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Ireland (left) and Great Britain (right), are islands of north-west Europe
Bangchuidao Island is an islet composed mostly of rock, in Dalian, Liaoning Province, China.
The islands of Fernando de Noronha, Brazil, are the visible parts of submerged mountains.

An island is a piece of land that is surrounded by a body of water such as a lake, river, sea or ocean.[1] Islands are smaller than continents. Although there are many Islands that surround fresh water, the vast majority of them surround oceans.

Greenland and Australia are huge islands, but they are built of continental rock, and the latter is generally considered a continent. The most ancient part of continental rock is far older and chemically more complex than the rock of the sea floor.

The heart of continents is their cratons, which are the most ancient and stable parts of the Earth's crust. In the cratons are all the rare elements needed for electronic equipment. They were swept up as the Sun moved through areas where supernovae had exploded. The rare elements we need were all got indirectly from supernovae explosions. The Sun's energy comes from turning hydrogen into helium.

There are some islands which do have rare elements, and that is a sign that they were once part of a large supercontinent. So Great Britain was once part of a supercontinent. The oldest rocks are 2,700 million years old, and include many rare elements only found in cratons.[2] Britain is a snapped-off piece of the Old Red Sandstone continent, now known as Laurasia.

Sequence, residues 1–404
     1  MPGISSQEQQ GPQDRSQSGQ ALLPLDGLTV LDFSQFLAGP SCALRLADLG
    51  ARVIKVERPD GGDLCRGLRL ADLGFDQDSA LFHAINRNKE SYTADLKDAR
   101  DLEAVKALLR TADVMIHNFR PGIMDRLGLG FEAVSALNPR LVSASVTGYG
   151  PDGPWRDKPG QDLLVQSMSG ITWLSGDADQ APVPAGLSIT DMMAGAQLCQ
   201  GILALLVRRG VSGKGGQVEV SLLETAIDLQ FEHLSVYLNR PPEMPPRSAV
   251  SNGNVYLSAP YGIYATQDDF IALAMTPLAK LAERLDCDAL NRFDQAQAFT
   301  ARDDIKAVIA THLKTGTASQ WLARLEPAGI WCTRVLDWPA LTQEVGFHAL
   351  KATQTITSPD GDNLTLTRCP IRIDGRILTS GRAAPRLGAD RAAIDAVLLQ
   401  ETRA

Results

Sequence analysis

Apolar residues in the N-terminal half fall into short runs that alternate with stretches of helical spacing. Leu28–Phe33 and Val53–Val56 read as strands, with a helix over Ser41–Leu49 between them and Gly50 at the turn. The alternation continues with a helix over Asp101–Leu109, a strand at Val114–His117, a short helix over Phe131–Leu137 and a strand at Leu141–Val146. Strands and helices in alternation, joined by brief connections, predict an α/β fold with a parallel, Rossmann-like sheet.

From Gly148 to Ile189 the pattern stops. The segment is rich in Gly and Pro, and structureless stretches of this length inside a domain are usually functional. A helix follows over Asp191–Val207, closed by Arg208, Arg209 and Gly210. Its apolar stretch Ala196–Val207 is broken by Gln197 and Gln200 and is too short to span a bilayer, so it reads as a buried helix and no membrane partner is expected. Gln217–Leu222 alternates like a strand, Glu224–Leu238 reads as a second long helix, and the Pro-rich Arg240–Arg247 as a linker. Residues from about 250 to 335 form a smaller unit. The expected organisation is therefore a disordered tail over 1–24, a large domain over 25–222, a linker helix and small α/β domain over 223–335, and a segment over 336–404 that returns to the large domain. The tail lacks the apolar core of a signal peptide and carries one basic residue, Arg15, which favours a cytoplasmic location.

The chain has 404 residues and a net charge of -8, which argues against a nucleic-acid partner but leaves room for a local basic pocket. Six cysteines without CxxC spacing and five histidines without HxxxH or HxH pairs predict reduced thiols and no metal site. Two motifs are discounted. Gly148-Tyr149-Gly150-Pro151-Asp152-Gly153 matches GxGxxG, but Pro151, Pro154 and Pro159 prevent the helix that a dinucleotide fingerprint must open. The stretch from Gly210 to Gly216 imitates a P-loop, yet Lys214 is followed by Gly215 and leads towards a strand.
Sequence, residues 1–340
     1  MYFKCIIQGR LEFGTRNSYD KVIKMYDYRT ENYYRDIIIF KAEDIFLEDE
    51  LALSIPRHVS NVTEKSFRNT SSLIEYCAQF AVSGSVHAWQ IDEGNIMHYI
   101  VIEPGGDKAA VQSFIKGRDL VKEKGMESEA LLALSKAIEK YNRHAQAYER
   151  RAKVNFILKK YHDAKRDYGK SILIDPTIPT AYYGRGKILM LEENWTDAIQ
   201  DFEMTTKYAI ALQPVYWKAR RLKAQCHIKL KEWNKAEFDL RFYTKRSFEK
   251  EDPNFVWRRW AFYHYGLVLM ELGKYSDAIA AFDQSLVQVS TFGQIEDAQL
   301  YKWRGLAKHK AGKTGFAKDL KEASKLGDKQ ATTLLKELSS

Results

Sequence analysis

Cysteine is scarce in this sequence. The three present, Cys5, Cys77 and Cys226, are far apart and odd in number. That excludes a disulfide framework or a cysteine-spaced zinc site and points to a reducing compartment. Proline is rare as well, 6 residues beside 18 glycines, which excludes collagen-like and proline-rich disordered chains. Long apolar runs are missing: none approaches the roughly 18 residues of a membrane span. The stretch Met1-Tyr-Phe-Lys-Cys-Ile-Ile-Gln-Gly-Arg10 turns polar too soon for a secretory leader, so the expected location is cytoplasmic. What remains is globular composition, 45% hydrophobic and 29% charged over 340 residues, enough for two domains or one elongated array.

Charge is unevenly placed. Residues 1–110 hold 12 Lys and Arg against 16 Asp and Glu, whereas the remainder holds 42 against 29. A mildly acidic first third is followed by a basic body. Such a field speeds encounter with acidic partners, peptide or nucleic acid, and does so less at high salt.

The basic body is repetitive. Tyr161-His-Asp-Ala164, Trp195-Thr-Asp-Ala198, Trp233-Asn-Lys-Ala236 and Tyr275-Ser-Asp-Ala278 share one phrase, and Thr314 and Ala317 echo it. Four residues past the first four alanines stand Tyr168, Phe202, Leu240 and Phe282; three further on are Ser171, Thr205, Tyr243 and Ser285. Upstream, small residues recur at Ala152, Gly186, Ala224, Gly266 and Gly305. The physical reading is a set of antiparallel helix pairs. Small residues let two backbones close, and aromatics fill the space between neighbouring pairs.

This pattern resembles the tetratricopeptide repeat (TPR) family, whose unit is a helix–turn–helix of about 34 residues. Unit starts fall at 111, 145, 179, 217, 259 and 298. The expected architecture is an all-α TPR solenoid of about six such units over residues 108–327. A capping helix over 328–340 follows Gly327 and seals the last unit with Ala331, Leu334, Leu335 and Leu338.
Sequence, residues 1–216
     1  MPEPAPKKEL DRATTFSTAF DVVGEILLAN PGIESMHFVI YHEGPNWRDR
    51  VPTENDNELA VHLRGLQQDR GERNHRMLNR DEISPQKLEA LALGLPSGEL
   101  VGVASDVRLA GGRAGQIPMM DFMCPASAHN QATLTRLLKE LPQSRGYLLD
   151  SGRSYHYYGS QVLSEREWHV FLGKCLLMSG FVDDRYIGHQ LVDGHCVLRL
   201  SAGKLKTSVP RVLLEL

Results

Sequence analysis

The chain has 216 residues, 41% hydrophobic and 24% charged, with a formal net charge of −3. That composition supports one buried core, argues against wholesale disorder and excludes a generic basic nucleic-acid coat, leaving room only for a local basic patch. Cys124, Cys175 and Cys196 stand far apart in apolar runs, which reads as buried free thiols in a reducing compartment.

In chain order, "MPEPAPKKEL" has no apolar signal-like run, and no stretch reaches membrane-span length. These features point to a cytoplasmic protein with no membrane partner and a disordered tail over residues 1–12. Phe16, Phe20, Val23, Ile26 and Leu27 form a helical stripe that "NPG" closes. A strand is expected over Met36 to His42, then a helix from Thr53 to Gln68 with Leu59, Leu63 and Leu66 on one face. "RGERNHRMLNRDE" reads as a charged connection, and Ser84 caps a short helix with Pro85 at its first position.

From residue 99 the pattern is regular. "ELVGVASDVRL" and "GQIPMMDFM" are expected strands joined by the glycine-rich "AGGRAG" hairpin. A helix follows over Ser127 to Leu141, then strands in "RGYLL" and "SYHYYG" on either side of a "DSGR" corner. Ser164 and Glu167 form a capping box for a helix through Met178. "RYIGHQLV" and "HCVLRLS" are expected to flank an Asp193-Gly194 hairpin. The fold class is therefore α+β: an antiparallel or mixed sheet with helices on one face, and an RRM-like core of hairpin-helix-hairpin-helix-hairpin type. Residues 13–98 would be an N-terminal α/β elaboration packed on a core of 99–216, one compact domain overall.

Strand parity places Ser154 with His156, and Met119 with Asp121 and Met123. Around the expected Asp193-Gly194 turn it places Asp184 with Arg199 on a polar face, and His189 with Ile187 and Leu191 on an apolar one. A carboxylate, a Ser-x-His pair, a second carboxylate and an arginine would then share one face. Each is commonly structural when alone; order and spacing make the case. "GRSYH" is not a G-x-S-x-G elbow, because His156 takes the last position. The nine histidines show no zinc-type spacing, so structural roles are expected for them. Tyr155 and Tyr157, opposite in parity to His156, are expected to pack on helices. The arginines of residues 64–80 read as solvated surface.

Other islands that were formed from the ocean floor, as Japan, and Hawaii were, lack most of the rare elements. Japan has for many years since WWII imported iron ore from Australia. Its seizing of Manchukuo (~Manchuria) and the infamous attack on Pearl Harbour no doubt had many reasons. Lack of raw materials was one of these [3] Now it looks for potential in its nearby deep-sea muds.[4]


Big islands[change | change source]

In Europe[change | change source]

Other places[change | change source]

References[change | change source]

  1. Society, National Geographic (2012-08-27). "island". National Geographic Society. Retrieved 2020-12-07.
  2. Toghill, Peter 2000. The geology of Britain: an introduction. Shrewsbury: Swan Hill Press. ISBN 1-85310-890-1
  3. Yamamuro, Shin'ichi. 2006. Manchuria under Japanese dominion. U. of Pennsylvania Press.
  4. Takaya, Yutaro 2018. The tremendous potential of deep-sea mud as a source of rare-earth elements. Nature. 8 (1): 5763. [1] doi:10.1038/s41598-018-23948-5. PMC 5893572. PMID 29636486.